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Tebbutt: Next-Gen report card

May 08, 2018
written by: Tom Tebbutt
written by: Tom Tebbutt
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Making predictions in tennis, and in most sports, is a mug’s game: the definition of a mug being “an easily deceived person.” That’s not something anyone aspires to be.

The best tennis journalists over the past decades have been the dedicated, knowledgeable group at L’Equipe, the French sporting daily. During Roland Garros in 2013, they got together and produced a projection of what the top-10 in the ATP rankings would look like five years down the road in 2018.

We’re basically there now and here is the ranking they came up – with each player’s current ranking in brackets:

  1. Grigor Dimitrov (4)
  2. Benoit Paire (50)
  3. Andy Murray (39)
  4. Milos Raonic (24)
  5. Novak Djokovic (12)
  6. Kei Nishikori (20)
  7. Bernard Tomic (243)
  8. Ernests Gulbis (191)
  9. Jerzy Janowicz (184)
  10. Jack Sock (15)

At the time, L’Equipe also did a readers poll with the proviso “this is just a game, we repeat, this is just a game.” There were 7,016 responses and here’s how that turned out, with the percentages for each player in brackets: 1. Novak Djokovic (20%) 2. Grigor Dimitrov (18 %) 3. Benoit Paire (14%) 4. Andy Murray (13%) 5. Milos Raonic (8%) 6. (tied) Ernests Gulbis, Jerzy Janowicz and Kei Nishikori (6%) 9. Jack Sock (5%) and 10. Bernard Tomic (4%).

There’s one obvious conclusion to draw from these numbers – no one expected the current world No. 1 and world No. 2, Rafael Nadal and Roger Federer, just 26 and 31 respectively at the time, to be around five years in the future. Needless to say that was a giant miscalculation.

With the caveat that trying to divine the future of tennis players is unwise if not completely ridiculous, here’s a look at the most promising players in the world today and the chances they will make their mark in terms of winning Grand Slam titles, and maybe even becoming a dominant player.

In the age of social media and an obsession with players from a very young age, it’s doubtful the current emerging generation will produce players such as Grand Slam champions Federer (20), Nadal (16), Djokovic (12) and Serena Williams (23) who will be good enough, consistent enough and durable enough to even get to double figures in terms of career Grand Slam titles.

With that in mind, here’s a list of eight women and eight men from the younger generation – 24-and-under – who have the best chance to achieve big things in their tennis futures.

Beside each player is their age, current ranking, career-best ranking and, at the end, a grade from A to C gauging their chances of success.


Garbine Muguruza: 24 / 3 / 1. She looks the most likely to become a dominant player because she has already bagged two Grand Slam titles. But while the 6-foot Spaniard (above with Novak Djokovic at the ’17 French Open) is a good athlete and has all the shots, there’s something about her temperament that suggests she won’t get to the rarefied air of high single or double-digit Grand Slam titles: B+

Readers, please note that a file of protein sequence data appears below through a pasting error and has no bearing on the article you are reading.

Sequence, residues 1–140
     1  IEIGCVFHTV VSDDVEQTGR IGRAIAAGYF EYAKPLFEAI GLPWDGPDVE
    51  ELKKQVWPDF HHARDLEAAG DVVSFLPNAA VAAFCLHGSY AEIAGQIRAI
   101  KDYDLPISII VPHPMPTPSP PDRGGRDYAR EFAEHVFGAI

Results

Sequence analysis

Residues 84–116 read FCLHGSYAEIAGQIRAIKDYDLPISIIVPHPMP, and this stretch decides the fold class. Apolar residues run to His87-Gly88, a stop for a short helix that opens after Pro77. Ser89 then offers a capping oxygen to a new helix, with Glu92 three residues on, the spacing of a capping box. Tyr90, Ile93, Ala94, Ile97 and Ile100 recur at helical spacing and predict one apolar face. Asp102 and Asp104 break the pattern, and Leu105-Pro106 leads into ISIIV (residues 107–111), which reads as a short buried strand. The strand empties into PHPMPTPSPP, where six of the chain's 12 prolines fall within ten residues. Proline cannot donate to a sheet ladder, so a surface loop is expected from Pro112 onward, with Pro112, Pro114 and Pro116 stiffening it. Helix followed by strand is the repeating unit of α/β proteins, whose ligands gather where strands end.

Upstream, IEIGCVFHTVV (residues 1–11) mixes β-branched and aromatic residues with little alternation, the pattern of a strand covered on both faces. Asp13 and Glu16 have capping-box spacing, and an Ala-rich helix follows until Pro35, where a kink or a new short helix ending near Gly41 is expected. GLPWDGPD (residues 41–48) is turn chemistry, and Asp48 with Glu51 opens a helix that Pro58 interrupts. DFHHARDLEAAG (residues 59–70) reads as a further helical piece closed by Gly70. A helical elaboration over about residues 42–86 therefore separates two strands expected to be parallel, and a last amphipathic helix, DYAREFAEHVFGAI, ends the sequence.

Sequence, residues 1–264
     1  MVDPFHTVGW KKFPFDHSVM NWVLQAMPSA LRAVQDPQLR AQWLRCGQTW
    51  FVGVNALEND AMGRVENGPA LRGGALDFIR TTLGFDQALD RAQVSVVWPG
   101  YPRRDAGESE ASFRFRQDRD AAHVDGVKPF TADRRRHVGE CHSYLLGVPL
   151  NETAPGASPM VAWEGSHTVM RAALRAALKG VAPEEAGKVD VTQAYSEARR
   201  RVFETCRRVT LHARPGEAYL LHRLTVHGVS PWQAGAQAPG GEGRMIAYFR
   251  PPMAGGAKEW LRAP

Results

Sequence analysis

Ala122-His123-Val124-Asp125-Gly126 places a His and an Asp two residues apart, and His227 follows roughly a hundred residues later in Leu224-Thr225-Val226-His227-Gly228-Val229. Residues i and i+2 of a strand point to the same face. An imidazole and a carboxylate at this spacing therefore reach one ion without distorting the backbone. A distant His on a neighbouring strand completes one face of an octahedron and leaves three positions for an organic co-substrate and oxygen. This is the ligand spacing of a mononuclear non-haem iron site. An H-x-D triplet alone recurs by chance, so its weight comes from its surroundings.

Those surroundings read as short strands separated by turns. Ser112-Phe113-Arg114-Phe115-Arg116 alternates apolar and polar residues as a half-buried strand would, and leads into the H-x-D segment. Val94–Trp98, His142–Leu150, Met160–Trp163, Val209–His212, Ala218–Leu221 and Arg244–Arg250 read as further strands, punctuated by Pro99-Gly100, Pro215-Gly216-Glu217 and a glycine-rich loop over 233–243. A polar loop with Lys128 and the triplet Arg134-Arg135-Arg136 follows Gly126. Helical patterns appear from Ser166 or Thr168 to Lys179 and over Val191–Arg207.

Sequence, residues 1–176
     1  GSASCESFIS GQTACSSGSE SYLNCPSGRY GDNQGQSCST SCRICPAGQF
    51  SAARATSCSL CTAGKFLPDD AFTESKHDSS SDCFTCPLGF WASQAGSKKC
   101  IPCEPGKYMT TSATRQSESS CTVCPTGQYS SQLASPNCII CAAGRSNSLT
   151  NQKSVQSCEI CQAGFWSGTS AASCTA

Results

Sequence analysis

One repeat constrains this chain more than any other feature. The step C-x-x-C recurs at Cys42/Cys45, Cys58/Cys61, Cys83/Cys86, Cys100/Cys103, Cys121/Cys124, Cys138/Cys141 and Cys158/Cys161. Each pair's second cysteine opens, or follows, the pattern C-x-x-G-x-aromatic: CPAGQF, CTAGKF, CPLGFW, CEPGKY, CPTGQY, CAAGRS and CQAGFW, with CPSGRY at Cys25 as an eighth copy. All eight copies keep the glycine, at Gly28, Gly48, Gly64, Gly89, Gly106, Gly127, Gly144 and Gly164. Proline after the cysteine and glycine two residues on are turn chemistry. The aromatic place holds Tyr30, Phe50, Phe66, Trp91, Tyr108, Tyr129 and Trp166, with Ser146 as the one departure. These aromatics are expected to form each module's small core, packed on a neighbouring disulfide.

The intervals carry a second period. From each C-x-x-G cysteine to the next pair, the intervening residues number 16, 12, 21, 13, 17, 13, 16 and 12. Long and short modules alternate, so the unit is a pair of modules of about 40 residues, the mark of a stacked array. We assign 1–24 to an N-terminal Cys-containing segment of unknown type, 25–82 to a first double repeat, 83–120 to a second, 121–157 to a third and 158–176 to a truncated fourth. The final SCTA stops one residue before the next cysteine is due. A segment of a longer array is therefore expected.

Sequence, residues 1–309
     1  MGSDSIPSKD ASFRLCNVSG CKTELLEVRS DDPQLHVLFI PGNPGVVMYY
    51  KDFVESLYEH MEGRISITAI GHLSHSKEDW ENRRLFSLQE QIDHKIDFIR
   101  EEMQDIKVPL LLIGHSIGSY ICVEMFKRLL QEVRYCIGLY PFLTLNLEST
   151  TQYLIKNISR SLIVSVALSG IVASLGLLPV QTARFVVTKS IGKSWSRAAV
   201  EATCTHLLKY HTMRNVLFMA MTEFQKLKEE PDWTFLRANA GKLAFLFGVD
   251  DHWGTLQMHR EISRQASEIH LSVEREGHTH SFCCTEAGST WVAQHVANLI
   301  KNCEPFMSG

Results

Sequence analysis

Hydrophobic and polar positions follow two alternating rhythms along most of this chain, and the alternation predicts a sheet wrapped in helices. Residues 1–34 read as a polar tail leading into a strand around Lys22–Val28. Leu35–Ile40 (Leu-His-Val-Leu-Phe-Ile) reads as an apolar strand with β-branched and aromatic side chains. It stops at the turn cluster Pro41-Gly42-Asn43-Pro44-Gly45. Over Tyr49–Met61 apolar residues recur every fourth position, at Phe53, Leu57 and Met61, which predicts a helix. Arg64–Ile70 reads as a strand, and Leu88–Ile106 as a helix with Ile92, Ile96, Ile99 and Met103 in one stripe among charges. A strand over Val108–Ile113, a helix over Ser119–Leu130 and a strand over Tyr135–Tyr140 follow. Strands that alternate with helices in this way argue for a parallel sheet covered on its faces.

Marta Kostyuk: 15 / 133 / 133.Turning 16 on June 28, the Ukrainian is the ‘it girl’ of the moment. In January she became the youngest player since Martina Hingis in 1996 to win a main draw match at the Australian Open. So far in 2018, she has won a $60,000 ITF event in Burnie (Australia), beaten two top-30 players and accumulated a match record at ITF, WTA, qualifying and Grand Slam tournaments of 24-7. A-

Photo credit: Mauricio Paiz

Jelena Ostapenko: 20 / 5 / 5. Like Muguruza she has already had Grand Slam success, but unlike the Spaniard she seems to have a more insatiable desire for more. Her reaching double digits in Slam titles is a long way away but she possesses the drive, and the time, to accumulate a few more: A-

(Odd stat here – although she just joined Twitter in January, the Latvian only has about 8,100 followers compared to Genie Bouchard with 1.7 million.)

Caroline Garcia: 24 / 7 / 7. One of the most flowing shot-makers on the WTA tour, Garcia has improved her ranking every single year for nine years – from No. 681 in 2009 to No. 8 in 2017. She finished last year strong winning titles in Wuhan and Beijing and reaching the semi-finals (Venus Williams) of the WTA Finals. While she has struggled with back problems, her tennis is still on an upward trend. B

Madison Keys: 23 / 14 / 7. The powerful American is an enigma. The talent is there and she might already have won a Slam in last year’s US Open final if she hadn’t had a thigh injury. But, besides the injuries that have plagued her career, there hasn’t always seemed to be a resolve and commitment equal to her talent. Still, players mature later nowadays and she could certainly be one of them: B-

Marketa Vondrousova: 18 / 68 / 50. Sharing a June 28th birthday with Kostyuk, Vondrousova is three years older but already has a WTA title – Biel (Switzerland) in April, 2017. At 5-foot-6, she’s a penetrating pounder of the ball who has beaten two world No. 11s in 2018 – Julia Goerges and Johanna Konta. Counting WTA qualifying, the left-handed Vondrouska’s record in 2018 is 13-9. B-

Photo credit: Mauricio Paiz

Amanda Anisimova: 16 / 156 / 126 An American with a Russian-sounding name, Anisimova’s parents were born in Moscow but she was born in New Jersey. At 5-foot-11, she has a strong presence on court and upset No. 9-ranked Petra Kvitova in Indian Wells. So far in 2018 at ITF and WTA events she has a 10-3 record. Anisimova has not played since withdrawing with a foot injury from a second-round Miami Open match against Muguruza in March. B